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New Member

New 7940, 7960 phone problems w/3550

I recently ran into a problem while deploying 30 new 7940 and 7 new 7960 phones. These phones were connected to three different 3550 switches. The port configurations on these switches is:

description user port

switchport trunk encapsulation dot1q

switchport trunk allowed vlan 1,2,1002-1005

switchport mode trunk

switchport voice vlan 2

no ip address

spanning-tree portfast

Even though the phones were supposed to be running on VLAN 2, they were getting DHCP addresses from VLAN 1. The "Network Configuration" menu on the phones showed an "Operational VLAN ID" of 2 but they would not communicate. The only way we could get these phones to come up was to set the switch ports to access mode and make them members of VLAN 1.

Once the phones upgraded their software from the factory P0030301MFG2 to P00303030200, I could re-configure the switch ports to their original dot1q trunk configuration and everything worked fine.

It seems to me that there is a problem between the original firmware and the 3550 switch. Has anybody else experienced this problem?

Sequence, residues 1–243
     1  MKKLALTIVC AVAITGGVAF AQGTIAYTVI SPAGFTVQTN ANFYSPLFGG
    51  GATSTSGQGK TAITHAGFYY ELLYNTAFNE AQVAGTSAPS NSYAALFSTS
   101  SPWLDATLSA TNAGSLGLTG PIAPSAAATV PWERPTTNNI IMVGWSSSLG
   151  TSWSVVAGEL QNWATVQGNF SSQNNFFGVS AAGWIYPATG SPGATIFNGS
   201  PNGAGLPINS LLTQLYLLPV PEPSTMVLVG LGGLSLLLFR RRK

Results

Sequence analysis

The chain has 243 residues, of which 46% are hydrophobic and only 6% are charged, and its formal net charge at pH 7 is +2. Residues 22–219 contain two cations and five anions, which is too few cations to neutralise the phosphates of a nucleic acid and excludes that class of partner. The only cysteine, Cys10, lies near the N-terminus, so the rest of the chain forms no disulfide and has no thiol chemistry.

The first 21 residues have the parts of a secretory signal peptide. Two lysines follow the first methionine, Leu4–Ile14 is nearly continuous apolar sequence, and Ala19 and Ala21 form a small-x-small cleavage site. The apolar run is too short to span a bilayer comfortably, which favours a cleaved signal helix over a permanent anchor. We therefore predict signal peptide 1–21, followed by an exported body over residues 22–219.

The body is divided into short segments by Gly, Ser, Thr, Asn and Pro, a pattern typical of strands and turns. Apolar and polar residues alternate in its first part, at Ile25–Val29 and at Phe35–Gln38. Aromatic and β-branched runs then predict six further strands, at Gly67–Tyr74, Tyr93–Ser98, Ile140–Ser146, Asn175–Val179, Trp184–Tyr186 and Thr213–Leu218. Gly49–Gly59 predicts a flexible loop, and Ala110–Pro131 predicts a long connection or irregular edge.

3 REPLIES
Bronze

Re: New 7940, 7960 phone problems w/3550

In 3.3 by default ip phones cnf files are not written into the tftpath so it might well be that you have the old file there and that the new one is stored in memory. So it looks like the 7940 and 7960 bunch that you recieved still had factory settings from Cisco.

New Member

Re: New 7940, 7960 phone problems w/3550

The problem, as I saw it was that the phone never even got to the point of requesting its config becuase CDP and/or IP was not working correctly. The phone showed that it should be on VLAN 2 but was getting and IP address off of VLAN 1. The phone was never even getting to the point of trying to get its config from CallManager becuase it wasn't communicating with the network properly.

New Member

Re: New 7940, 7960 phone problems w/3550

Here's an interesting tid-bit. I have had a similar situation w/ wireless clients. Currently I have four VLAN's per site...1 for management, 1 for data, 1 for voice and 1 for wireless. The wireless clients would end up pulling addresses from various IP subnets.

After a few days of working w/ TAC, turns out that because I had Superscopes (1 for each site) and then had the four individual scopes within it...the Wireless clients would pull from the first available scope.

Take the superscopes away....works like a champ.

Again...it's a long shot that you're doing this...but hope it helps!

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